EXCLUSIVE: Kino Lorber has acquired U.S. and Canadian distribution rights to documentary Nationtime by William Greaves, about the historic National Black Political Convention of 1972 which brought together major Black leaders and activists of the time.
The distributor is planning an October 23 release in virtual cinemas through its Kino Marquee label.
Narrated by Sidney Poitier, the film was originally considered too radical for TV broadcast, and has only circulated in a heavily edited 60-minute version. But the original full-length version was found in a Pittsburgh warehouse in 2018 and restored in 4K by IndieCollect, supervised by Louise Greaves and funded by Jane Fonda and the Hollywood Foreign Press Association Trust.
The documentary, which also includes poems recited by Harry Belafonte, focuses on the Gary Convention in Indiana, which gathered 10,000 Black politicians, activists, and artists from across the political spectrum, including more than 500 media representatives.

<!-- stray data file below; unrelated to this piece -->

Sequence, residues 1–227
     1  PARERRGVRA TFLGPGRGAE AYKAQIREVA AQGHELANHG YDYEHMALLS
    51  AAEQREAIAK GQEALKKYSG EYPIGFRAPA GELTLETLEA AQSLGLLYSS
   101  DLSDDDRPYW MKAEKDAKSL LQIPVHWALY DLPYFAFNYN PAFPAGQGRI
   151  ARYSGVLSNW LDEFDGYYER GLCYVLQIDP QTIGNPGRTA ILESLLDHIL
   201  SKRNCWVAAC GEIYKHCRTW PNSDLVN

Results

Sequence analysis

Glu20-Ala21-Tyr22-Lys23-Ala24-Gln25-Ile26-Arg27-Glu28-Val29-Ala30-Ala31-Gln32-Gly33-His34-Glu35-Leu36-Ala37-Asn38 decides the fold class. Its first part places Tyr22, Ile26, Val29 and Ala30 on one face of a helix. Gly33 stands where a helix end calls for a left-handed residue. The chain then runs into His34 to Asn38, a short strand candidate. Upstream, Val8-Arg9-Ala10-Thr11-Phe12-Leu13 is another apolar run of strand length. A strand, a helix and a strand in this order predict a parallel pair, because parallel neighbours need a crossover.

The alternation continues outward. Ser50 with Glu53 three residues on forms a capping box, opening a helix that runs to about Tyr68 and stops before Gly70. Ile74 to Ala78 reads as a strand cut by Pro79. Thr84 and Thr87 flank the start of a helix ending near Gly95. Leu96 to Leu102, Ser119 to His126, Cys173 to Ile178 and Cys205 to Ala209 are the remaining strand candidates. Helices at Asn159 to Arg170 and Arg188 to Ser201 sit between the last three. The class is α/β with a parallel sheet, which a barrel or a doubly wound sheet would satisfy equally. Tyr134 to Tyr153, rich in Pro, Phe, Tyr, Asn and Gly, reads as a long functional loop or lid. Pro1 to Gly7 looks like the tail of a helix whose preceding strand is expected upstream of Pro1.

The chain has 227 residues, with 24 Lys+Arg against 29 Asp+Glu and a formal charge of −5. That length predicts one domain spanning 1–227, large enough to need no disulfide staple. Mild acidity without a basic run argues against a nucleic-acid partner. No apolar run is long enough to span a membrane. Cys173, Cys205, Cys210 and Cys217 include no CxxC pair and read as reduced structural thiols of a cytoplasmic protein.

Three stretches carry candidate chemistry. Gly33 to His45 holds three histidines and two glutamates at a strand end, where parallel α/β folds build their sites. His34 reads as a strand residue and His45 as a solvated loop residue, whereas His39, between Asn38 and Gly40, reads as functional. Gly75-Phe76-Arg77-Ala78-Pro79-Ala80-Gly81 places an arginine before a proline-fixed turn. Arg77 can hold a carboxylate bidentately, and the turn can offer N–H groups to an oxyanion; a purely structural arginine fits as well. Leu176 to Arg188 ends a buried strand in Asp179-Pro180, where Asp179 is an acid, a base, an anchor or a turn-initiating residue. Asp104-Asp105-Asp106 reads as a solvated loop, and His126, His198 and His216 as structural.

Delegates included Black Panther co-founder Bobby Seale, Coretta Scott King, Pan-Africanist artist and activist Amiri Baraka, Dr. Betty Shabazz, PUSH founder Rev. Jesse Jackson, Fannie Lou Hamer and Queen Mother Moore, and elected officials Ron Dellums, Charles Diggs, Walter Fauntroy, Richard Hatcher, Carl McCall.
Activists and entertainers Belafonte, Dick Gregory, Isaac Hayes and Richard Roundtree performed for the crowds over the three days.
The Nationtime deal was negotiated by Wendy Lidell, SVP of Kino Lorber and IndieCollect President Sandra Schulberg.
Richard Lorber, President and CEO of Kino Lorber commented: “With the Black Lives Matter movement at the forefront and our country heading into the 2020 political conventions, we are proud to release the complete cut of Nationtime. We hope that the spirit and energy of the National Black Political Convention of 1972 will be a reminder of how much work still needs to be done to push for racial equality for all Black people in our country.”
Louise Greaves added: “A turning point in the struggle for self-determination and equal rights, the National Black Political Convention of 1972 adjourned without reaching consensus and some deemed it a failure. But the cry of ‘Nationtime’ reverberates as America continues to wrestle with its legacy of slavery. I know Bill would be absolutely thrilled that Nationtime is being released nationwide at this critical moment in our history.”